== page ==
Generally speaking, in a reduction projection exposure process, which is conducted to produce semiconductor devices etc., a photomask is used. The photomask includes a desired transfer pattern consisting of light transmissive and light shielding portions that are respectively transparent and opaque with respect to an illuminating light. FIG. 5 is a sectional view of a conventional photomask 1 of this type. The photomask 1 has a transparent substrate 2 in the form of a flat plate made of quartz or the like, and a metal layer 3 thereon in a desired pattern. Those portions where the metal layer 3 is present on the substrate 2 constitute the light shielding portions, and those portions consisting only of the transparent substrate 2 constitute the transmissive portions which transmit the illuminating light.

A pattern transfer method using this photomask 1 will be described with reference to FIG. 6. The illuminating light from a light source 4 is transmitted through a condenser lens 5 to illuminate the entire surface of the photomask 1. The illuminating light transmitted through the transmissive portions of the photomask 1 projects an image of the transfer pattern of the photomask 1 onto the surface of a wafer 7 through a projection lens system 6. A photoresist 9, serving as a photosensitive material, previously applied to the surface of a substrate 8 of the wafer 7 receives the image of the pattern of the photomask 1 on a surface 9a. By developing the photoresist 9, the pattern transfer is effected.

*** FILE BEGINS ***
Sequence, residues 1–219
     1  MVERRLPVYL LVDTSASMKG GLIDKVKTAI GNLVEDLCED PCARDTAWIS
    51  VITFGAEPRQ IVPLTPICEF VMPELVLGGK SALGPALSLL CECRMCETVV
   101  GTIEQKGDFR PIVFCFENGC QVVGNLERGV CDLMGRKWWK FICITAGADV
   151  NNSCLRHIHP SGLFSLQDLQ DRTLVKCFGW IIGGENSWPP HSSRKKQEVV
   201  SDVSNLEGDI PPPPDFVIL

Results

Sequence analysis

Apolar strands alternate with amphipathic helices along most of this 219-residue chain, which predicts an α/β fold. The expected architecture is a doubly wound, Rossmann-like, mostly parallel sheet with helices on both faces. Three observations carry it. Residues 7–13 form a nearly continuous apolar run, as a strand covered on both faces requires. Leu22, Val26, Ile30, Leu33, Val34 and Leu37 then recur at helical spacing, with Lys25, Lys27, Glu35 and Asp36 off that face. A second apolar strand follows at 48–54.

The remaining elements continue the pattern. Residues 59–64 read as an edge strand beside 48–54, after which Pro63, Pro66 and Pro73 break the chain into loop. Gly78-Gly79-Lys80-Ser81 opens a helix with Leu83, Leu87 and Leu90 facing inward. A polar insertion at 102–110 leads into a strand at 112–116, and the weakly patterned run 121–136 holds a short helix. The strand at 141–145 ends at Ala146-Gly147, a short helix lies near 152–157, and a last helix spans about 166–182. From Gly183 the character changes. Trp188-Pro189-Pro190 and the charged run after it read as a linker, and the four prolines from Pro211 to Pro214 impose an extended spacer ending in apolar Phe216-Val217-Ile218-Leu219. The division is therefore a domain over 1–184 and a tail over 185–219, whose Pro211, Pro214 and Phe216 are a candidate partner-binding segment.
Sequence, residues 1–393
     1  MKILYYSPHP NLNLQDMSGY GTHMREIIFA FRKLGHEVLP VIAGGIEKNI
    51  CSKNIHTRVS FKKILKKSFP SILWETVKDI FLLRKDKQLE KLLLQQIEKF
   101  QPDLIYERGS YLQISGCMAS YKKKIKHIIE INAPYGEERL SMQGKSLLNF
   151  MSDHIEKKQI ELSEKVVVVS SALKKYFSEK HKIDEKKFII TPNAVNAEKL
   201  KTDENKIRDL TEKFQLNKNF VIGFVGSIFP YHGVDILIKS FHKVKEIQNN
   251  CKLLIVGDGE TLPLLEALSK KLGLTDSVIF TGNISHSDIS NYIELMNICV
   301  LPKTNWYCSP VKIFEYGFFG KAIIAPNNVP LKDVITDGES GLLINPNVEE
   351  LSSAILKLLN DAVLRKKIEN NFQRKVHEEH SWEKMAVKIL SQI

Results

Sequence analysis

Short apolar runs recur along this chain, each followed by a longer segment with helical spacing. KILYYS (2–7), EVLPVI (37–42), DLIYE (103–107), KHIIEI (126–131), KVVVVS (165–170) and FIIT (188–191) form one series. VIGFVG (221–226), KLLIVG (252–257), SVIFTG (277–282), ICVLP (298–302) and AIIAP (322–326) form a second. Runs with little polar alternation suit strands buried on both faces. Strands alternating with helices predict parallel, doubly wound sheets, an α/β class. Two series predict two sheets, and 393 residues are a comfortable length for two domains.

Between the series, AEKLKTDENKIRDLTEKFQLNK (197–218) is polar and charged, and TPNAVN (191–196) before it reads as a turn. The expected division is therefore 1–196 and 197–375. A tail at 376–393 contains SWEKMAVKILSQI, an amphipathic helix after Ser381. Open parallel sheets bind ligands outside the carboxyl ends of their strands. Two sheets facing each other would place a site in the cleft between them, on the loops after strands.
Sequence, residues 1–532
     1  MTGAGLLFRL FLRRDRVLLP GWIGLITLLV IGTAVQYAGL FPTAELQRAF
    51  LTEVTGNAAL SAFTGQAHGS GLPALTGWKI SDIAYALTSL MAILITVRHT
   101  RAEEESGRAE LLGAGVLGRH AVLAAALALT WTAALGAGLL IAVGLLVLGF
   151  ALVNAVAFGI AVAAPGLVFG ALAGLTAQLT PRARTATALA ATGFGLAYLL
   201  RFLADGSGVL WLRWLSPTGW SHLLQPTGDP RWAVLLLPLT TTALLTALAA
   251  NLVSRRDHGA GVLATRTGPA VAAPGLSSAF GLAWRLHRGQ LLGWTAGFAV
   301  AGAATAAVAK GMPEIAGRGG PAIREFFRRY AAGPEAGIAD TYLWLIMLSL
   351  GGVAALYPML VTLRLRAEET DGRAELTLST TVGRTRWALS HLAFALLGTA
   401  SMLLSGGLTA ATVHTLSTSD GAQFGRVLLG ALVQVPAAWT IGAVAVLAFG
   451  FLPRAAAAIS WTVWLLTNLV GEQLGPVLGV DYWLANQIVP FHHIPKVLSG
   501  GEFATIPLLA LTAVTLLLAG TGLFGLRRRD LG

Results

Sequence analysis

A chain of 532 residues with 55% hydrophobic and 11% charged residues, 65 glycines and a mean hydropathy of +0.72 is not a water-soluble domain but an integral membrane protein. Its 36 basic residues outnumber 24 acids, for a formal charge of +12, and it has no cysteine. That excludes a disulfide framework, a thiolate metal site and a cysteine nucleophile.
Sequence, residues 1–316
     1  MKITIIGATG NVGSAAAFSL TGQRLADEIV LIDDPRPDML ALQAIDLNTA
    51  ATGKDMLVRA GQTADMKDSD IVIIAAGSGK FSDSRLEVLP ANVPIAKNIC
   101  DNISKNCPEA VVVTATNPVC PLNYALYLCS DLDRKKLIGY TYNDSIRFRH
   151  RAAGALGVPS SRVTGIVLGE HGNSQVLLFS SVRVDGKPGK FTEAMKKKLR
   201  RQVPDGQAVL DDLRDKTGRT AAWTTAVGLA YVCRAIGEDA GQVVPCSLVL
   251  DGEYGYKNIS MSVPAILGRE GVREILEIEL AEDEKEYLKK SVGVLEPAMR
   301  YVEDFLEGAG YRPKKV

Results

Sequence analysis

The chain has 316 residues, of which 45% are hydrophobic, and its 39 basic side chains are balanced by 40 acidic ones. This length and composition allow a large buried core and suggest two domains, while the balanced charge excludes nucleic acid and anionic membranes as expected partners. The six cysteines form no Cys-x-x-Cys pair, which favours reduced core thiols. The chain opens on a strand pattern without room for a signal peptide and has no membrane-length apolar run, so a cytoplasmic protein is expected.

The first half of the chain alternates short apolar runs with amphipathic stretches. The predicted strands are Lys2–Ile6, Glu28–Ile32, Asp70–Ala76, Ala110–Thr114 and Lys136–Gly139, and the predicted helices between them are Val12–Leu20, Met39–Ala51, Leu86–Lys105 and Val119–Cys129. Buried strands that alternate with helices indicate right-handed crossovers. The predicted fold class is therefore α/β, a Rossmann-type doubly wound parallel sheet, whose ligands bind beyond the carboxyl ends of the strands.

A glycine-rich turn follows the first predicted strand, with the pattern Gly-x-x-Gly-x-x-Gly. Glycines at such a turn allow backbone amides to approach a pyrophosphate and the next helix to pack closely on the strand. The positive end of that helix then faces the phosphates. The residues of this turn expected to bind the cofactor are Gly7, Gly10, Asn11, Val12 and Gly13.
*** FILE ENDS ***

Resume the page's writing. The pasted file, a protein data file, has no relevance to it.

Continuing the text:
Assuming that the aberration in the projection lens system 6 is so small as to be negligible, the image formed on the surface 9a of the photoresist 9 of the wafer 7 by the illuminating light from the flat photomask 1 is planar. The image formation characteristics of the formed image are maintained within a range of a predetermined depth of focus D with respect to the direction of the optical axis of the illuminating light. That is, as shown in FIG. 6, satisfactory image formation characteristics can be obtained within the range between planes S1 between which the surface 9a of the photoresist 9 is located.